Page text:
My book is two years old, and like my 19-year-old son, having a life in the world.
You never know how ideas or children will land. One of the first big wows with my book was seeing it on the beach beside a tropical cocktail. Cookbook author Sarah Owens took that picture and posted it on Instagram; a friend sent it to me, and I figured if my book is on Instagram, I better be too. So I got an account and dove in to the fabulous social life of bread.
More gifts: Last year I was asked to be the keynote at The Kneading Conference, an honor I couldn’t have imagined when I first began learning about regional grains. This year, I got invited to The Prairie Festival, The Land Institute’s “intellectual hootenanny.” What a dream come true, to be asked to speak about change in agriculture at ground zero for perennial grains. Stone Barns’ director Jill Isenbarger led Amigo Bob Cantisano and me in a conversation about our essays in Letters to a Young Farmer.
The New Bread Basket is what led me to being in that great book, alongside Wes Jackson, Chef Dan Barber, Barbara Kingsolver, and Wendell Berry! I’m over the moon to have my writing near words of writers I admire, and I was levitating in Kansas, so glad to be discussing the invisibility of farming and food production. Right after our talk, another one of my food heroes spoke, Catherine Sneed! She started The Garden Project in San Francisco, and I wish I could take some time to go watch her work. She is a force of transformation very worth observing.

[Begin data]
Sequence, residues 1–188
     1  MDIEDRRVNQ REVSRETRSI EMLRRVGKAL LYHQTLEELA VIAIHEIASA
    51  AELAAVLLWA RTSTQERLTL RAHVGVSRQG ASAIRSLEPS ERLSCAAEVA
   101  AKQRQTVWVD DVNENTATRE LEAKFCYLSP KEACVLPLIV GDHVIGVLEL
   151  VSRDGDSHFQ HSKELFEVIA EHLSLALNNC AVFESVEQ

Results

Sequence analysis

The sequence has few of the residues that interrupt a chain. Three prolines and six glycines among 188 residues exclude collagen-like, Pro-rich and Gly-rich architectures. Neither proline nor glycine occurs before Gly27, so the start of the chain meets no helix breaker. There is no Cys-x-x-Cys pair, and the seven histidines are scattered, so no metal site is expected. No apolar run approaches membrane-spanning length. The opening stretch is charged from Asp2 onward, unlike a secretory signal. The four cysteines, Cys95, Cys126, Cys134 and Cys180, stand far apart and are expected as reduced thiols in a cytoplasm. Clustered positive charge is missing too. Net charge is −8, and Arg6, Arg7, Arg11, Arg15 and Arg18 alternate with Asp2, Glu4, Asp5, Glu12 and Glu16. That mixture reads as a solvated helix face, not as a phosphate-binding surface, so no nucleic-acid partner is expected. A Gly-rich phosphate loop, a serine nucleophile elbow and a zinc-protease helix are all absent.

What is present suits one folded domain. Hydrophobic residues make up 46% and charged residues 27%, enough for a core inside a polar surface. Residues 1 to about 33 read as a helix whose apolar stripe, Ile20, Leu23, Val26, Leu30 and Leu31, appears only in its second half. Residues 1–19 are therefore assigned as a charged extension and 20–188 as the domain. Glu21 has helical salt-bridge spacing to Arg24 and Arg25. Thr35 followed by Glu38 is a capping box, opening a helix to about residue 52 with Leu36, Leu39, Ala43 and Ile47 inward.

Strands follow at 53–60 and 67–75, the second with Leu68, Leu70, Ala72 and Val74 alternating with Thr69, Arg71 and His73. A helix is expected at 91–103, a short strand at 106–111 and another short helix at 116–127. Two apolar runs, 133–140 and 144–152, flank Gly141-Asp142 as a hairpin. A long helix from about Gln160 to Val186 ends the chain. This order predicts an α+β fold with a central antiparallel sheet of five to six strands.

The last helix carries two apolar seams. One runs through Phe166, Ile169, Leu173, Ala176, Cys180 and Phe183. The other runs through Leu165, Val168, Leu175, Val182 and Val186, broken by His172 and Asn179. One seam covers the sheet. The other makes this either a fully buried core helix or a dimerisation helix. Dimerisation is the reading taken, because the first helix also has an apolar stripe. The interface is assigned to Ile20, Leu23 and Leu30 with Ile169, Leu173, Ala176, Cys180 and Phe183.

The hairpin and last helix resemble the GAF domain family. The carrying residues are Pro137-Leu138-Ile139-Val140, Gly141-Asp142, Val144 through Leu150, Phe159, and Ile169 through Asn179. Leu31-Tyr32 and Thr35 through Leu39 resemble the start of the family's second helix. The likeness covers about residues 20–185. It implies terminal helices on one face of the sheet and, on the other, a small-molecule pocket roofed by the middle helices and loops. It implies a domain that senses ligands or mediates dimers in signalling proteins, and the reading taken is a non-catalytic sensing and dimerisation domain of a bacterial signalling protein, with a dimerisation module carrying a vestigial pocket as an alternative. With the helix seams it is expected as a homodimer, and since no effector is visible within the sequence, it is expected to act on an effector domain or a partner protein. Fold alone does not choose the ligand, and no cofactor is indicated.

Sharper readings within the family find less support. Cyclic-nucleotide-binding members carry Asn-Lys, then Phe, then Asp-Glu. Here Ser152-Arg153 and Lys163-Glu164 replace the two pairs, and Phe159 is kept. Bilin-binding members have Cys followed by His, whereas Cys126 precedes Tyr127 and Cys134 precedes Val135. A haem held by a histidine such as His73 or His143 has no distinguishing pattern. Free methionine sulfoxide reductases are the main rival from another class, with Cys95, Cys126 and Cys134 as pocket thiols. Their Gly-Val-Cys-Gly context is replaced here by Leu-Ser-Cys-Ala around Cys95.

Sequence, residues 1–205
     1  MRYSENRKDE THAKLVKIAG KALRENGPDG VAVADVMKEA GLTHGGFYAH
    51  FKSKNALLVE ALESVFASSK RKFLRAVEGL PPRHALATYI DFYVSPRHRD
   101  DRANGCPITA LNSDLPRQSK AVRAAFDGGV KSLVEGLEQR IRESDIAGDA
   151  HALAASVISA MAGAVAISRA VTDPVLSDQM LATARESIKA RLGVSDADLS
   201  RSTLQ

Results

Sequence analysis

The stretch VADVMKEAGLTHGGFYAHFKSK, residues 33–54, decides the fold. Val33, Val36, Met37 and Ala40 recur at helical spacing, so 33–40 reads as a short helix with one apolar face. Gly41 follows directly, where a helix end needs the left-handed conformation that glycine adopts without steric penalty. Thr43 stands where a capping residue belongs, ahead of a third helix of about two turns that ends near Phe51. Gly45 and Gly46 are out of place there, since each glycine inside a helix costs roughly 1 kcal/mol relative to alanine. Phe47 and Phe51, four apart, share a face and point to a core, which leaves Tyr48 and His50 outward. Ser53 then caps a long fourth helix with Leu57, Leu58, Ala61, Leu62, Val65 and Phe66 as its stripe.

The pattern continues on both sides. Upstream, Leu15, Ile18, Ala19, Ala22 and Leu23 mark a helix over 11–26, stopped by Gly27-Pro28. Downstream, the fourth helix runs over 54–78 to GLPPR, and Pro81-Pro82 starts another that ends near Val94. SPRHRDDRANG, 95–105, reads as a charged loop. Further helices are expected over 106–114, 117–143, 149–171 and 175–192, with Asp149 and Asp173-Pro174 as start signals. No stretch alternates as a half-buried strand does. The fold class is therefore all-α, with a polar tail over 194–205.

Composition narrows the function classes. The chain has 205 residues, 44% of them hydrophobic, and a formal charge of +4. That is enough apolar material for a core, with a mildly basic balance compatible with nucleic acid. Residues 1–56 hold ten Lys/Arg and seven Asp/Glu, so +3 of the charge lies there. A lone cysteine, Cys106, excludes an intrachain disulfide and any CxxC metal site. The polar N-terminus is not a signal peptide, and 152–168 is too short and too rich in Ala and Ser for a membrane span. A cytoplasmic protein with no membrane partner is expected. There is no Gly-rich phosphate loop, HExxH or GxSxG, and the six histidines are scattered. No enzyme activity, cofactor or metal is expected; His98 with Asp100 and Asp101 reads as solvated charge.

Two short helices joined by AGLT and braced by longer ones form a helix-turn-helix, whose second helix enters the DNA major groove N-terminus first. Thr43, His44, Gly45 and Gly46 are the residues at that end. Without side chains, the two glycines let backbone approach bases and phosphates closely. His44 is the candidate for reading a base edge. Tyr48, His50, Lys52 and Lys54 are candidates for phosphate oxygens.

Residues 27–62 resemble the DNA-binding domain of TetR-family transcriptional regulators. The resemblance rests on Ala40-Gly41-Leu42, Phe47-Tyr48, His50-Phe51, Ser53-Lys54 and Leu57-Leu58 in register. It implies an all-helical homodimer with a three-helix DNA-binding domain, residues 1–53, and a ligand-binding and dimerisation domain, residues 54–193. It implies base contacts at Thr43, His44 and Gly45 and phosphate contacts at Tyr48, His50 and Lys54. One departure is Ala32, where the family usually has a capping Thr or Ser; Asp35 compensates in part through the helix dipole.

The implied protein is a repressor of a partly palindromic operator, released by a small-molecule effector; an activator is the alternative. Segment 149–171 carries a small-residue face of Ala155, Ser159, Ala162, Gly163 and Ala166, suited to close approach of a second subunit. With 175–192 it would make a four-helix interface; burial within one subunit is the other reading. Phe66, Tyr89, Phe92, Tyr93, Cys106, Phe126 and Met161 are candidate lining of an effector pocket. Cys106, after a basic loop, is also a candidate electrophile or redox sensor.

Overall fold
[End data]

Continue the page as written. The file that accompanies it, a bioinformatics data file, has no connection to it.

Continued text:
That gift of a trip to Kansas was wrapped up in gifts. I visited with bakers at Ibis Bakery, ate their amazing breads and talked with them about their new project, a café at Messenger Coffee Co with a highly visible flour mill and coffee roaster. The café is now open and these tools are front and center, ready for people to learn about the work involved in these intermediate layers of food processing.
Seven years into my journey with grains and bread, I still can’t believe this world I’ve found. What a joy to meet people who are so engaged in their work. People like June Russell from the Greenmarket Regional Grains Project. Slow Food NYC honored her with their Snailblazer award not long ago, and at the party I couldn’t stop smiling. June has worked so hard, putting her shoulder to the wheel of grains in the Northeast. To see her invisible work acknowledged was tremendous. The party felt like my birthday party, a giant party for grains of known origin. This stuff I love is really starting to be seen.
So let’s continue the party. You can read about June and the other grains all stars I’ve grown to know. Here’s a 25% discount to buy my book from Chelsea Green — use the code NBB17 at checkout.
And please, let’s keep talking about off-grid grains. Find me on Instagram @amy.halloran & @flourambassador. If you’re coming to the Cascadia Grains Conference, or Stone Barns’ Young Farmers Conference, find me. And I’m going to be in NYC at the Greenmarket Grains Stand, Union Square, December 9th — to talk about homemade mixes & grains as gifts.
Here’s what else the book has given me:
- Bread friends around the world
- A residency at the McCarthy Center at the College of St. Benedict’s & St. John’s
- Flour Hour call in baking program on WAMC radio’s Food Friday series
- Yankee Magazine called my book the bible of the regional grains movement
- A reason to invent the Flour Ambassador campaign
- Trips to Louisville, Kentucky and Los Angeles to host grain tours for the IACP conference
- Opportunities to speak at Cascadia Grains Conference & A Taste for Grain, and on Heritage Radio’s Beer Sessions with Jimmy Carbone